Clouds and rain

These are the days that fishing is made of. This is where the phrase “you should have been here yesterday” came from. Weather reports say that the storm is going to hit this afternoon and you can see the rain and the storm getting ready to move in. Do not get me wrong, these days are at times nothing to mess with. You need to pay attention to your phones and take action if action is needed to get off of the water. Some of these days will add up to making some of the best days that you will experience on the water. Like I said earlier, these are the days where the phrase “you should have been here yesterday” comes from. Enjoy these days on the water, but do not put yourself at risk. Fish safe.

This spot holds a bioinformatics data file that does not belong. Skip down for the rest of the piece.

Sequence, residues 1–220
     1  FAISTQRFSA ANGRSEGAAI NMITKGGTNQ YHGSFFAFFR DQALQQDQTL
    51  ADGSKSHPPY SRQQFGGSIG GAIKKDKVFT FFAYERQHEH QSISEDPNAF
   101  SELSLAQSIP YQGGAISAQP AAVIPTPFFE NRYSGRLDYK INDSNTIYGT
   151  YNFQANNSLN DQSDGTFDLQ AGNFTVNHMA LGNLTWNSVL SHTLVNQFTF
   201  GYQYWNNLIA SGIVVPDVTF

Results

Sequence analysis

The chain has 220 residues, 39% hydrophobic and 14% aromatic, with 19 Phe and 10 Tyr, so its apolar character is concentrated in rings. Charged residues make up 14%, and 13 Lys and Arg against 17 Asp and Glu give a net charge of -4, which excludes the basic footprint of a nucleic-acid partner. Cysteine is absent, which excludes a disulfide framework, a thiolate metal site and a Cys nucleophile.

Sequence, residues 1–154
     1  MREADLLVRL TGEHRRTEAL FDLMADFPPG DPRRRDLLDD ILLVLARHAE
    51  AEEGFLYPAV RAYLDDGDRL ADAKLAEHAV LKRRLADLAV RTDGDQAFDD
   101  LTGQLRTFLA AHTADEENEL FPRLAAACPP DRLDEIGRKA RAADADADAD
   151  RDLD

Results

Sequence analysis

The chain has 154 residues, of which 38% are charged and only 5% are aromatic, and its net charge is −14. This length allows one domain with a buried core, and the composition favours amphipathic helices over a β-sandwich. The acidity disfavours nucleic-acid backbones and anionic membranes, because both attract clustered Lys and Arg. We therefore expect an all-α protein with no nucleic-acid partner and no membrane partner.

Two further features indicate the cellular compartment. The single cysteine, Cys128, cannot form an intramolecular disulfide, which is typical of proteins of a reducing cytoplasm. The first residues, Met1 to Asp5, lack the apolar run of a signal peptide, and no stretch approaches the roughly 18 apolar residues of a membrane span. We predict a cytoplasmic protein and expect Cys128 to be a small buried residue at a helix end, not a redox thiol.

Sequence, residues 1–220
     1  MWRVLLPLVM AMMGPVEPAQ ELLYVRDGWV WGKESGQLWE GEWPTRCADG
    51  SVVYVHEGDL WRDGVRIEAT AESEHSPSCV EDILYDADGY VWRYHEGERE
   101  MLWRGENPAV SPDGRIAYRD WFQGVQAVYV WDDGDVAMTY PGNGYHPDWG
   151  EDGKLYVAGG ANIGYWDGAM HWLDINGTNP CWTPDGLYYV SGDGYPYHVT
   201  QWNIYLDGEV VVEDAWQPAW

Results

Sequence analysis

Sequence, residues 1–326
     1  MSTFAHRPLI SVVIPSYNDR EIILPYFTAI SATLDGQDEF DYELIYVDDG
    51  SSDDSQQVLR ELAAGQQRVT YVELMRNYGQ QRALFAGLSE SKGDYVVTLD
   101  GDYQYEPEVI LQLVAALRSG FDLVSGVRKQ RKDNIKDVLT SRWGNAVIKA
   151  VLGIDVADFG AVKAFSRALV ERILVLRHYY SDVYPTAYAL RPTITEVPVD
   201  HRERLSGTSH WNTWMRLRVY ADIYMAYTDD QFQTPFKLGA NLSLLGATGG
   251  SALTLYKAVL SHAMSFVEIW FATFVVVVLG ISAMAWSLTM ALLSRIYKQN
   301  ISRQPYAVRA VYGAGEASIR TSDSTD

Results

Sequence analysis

How to fish cloudy, stormy conditions

Fish baits that you can cover water with. You will not have to convince these fish to bite, you will just have to get the bait in front of them. To put the most odds in your favor, use bait that make noise—rattle traps, crankbaits with rattles, topwater and spinnerbaits are just a few examples. During these days on the water, stay on the move and cover water.

So, as you can see, weather does have an impact on your fishing. But, how you respond to these weather changes will be what puts the most odds in your favor. Pay attention to the weather before you hit the water. During your time on the water, make adjustments as you go to match the conditions you are faced with.